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The South African economy is likely to escape a recession and finish the year in positive territory. This may provide some respite for businesses but economists agree it isn’t enough, as the country needs very strong growth for an extended period to start chipping away at an official unemployment rate of 29%.

The National Development Plan, and many economic commentators, place small and medium-sized enterprises, and a spirit of entrepreneurship, at the centre of the country’s medium to long-term recovery. In order to do this, they need to be agile, profitable and digitally relevant.

Serial entrepreneur and renowned global speaker Vusi Thembekwayo believes there are simple but profoundly effective things a business owner can do to make his or her business competitive in the digital age.

Representing Intuit QuickBooks – the leading cloud accounting software – at the Cloud in Practice conference in September 2019, Thembekwayo unveiled four laws to transform businesses, and accounting practices to digital doyens.

  • Walk the aisles and find the truth

“Not a truth, not your truth, but the actual truth,” says Thembekwayo. He says all business areas have different versions of the truth. “When faced with a loss in market share, marketing will tell you the logo needs to be refreshed and IT will say this is due to the company being locked into legacy systems that aren’t performing at peak.

“Raymond Ackerman walked his aisles once a week, talking to customers, finding the truth,” says Thembekwayo, referring to the man who turned Pick n Pay into the giant retailer that every household knows. “Businesses must find a way to walk their aisles and talk to their customers because when they find the truth, their path to success clears.”

  • Keep moving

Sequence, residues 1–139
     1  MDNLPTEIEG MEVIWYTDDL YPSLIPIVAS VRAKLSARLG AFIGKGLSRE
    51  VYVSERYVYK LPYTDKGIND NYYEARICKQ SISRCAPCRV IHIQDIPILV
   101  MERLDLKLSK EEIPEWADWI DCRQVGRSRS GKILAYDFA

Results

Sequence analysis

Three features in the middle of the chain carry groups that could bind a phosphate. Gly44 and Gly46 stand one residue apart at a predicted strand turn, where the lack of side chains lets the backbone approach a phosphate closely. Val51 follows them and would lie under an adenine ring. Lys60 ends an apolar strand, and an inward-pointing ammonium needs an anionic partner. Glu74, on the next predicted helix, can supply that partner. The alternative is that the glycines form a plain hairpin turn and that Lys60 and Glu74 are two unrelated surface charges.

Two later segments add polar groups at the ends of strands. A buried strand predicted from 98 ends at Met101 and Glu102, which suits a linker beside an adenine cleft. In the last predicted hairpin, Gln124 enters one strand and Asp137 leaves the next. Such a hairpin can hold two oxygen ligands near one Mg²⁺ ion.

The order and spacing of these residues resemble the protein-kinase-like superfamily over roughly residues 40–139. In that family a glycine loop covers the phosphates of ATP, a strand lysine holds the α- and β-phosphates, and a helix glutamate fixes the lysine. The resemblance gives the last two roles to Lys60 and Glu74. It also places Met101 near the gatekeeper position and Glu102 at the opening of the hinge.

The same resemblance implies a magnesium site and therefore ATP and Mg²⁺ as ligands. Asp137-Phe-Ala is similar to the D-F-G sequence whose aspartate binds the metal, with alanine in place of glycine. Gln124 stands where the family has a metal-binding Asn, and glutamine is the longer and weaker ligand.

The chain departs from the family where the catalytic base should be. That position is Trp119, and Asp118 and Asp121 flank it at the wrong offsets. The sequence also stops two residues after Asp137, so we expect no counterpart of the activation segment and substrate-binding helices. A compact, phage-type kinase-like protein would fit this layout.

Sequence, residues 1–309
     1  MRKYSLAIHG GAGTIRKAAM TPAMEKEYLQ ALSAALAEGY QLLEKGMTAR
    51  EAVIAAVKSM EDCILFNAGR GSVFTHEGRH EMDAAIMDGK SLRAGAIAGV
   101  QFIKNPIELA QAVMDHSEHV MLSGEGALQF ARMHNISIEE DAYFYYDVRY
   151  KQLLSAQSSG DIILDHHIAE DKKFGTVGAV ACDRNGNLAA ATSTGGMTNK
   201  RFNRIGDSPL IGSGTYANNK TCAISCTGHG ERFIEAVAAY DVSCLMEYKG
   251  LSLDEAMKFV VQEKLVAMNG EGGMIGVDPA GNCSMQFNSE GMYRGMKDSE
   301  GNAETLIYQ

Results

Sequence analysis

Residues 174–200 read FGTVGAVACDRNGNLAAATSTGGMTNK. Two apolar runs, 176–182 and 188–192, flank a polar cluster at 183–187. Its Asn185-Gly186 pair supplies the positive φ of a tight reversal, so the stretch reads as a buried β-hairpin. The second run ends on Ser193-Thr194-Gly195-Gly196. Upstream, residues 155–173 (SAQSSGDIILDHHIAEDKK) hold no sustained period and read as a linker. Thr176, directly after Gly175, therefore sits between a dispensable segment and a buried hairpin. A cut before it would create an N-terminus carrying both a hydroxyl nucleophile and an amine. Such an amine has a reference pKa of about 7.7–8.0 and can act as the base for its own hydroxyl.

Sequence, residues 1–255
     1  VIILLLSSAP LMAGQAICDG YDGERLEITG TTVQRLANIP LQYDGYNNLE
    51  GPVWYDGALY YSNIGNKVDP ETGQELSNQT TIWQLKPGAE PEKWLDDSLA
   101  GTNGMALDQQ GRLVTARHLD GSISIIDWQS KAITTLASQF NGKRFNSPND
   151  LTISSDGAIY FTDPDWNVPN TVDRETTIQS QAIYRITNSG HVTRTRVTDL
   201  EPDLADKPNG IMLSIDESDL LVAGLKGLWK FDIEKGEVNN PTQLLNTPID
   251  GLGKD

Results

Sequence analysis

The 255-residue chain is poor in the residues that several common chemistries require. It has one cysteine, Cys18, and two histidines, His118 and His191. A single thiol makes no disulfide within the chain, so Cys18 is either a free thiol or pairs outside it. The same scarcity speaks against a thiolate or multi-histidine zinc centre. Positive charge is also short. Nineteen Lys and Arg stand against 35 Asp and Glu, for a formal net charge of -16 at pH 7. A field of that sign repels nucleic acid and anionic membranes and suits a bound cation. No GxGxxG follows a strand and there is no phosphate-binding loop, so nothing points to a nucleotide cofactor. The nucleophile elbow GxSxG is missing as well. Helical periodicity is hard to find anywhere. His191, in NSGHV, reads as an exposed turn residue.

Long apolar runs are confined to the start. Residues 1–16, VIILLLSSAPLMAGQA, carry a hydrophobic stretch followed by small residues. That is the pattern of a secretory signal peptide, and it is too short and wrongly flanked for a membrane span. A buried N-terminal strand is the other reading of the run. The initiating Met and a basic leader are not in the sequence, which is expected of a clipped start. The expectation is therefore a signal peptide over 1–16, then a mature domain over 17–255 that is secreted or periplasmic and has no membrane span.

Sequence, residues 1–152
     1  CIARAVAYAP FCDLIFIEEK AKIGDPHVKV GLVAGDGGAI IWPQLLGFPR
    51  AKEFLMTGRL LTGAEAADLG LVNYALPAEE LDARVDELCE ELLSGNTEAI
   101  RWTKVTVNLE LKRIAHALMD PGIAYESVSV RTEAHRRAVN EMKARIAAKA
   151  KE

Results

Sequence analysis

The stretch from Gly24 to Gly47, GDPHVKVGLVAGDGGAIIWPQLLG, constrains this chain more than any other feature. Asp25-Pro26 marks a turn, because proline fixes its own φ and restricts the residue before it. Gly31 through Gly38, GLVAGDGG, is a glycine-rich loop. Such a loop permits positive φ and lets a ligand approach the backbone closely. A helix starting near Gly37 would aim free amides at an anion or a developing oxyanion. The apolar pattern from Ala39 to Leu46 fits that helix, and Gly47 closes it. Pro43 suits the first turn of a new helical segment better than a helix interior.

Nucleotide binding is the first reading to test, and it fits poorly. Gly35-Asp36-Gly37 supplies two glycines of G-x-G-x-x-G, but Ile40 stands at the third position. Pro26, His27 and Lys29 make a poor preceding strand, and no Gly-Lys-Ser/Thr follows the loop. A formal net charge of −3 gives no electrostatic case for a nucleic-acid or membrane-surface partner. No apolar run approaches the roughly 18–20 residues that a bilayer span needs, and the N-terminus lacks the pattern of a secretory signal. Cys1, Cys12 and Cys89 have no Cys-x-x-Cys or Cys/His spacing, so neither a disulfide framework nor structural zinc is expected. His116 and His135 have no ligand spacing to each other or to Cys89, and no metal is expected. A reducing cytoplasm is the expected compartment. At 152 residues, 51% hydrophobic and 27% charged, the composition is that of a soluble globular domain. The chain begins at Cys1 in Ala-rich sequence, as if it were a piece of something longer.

“Ask yourself what made Nokia great. It was the QWERTY keyboard,” he says. “With its single design philosophy, the ability for a human thumb to reach each key on the keyboard, Nokia, in effect, created the ‘thumb generation’. And then they stopped moving.”

“Blackberry came in with a QWERTY of its own, as well as a communications platform that let you speak to anyone on the platform for free. And then they stopped moving. Samsung soon followed, along with the iPhone, and today it is Huawei leading the innovation charge in mobile technology.”

Companies that stop innovating, he says, stop being the best and will be ousted by companies who are still creating and still thinking.

  • Treasure your vision

“We’ve become very good at measuring our businesses but in truth, staff and customers don’t care about numbers, they care about the vision of the organisation,” he says.

“Martin Luther King said he had a dream, not a spreadsheet, a standard set of operating procedures, financials, and a business model – he had a vision. Give your staff a dream.”

  • Listen to your staff

Staff give management very real feedback about their businesses every day during the course of their work, he says. “But if that person is a cashier or a car guard, for instance, the likelihood that you’ll actually hear what they have to say – the message – as opposed to focussing on who’s saying it – the messenger – is low. And these are the people who interact with your customers every day!”

Don’t pay attention to who’s delivering the message, listen to the business case, he says.

“There is sense and guidance and real change to be found in every person who touches your customers – you just have to listen.”

Head of emerging markets at Intuit QuickBooks Jolawn Victor says that in Intuit QuickBooks’ experience, the mind shift changes outlined in Thembekwayo’s four laws are crucial to taking a struggling business and turning it into an efficient competitor in the digital age. Once the mindset is right and the leaders are aligned, strategic partnerships are able to unleash immense potential.

Victor says that it has been proven time and again that leaders who are freed from the nitty gritty of daily operations, such a chasing up unpaid invoices, are able to lead with vision. Building a business that is disruptive rather one that is disrupted requires the management team to focus on the core business, says Victor. Solutions that run these tasks automatically literally untie the hands of the leaders.

However, innovative solutions and partnerships can do more than the daily slog work. They can have a measurable impact on a business’s competitiveness and agility, says Victor. “Cloud-based solutions can streamline actual processes by flagging anomalies such as higher-than-anticipated project costs and expenses earlier on to save the company serious losses down the line.”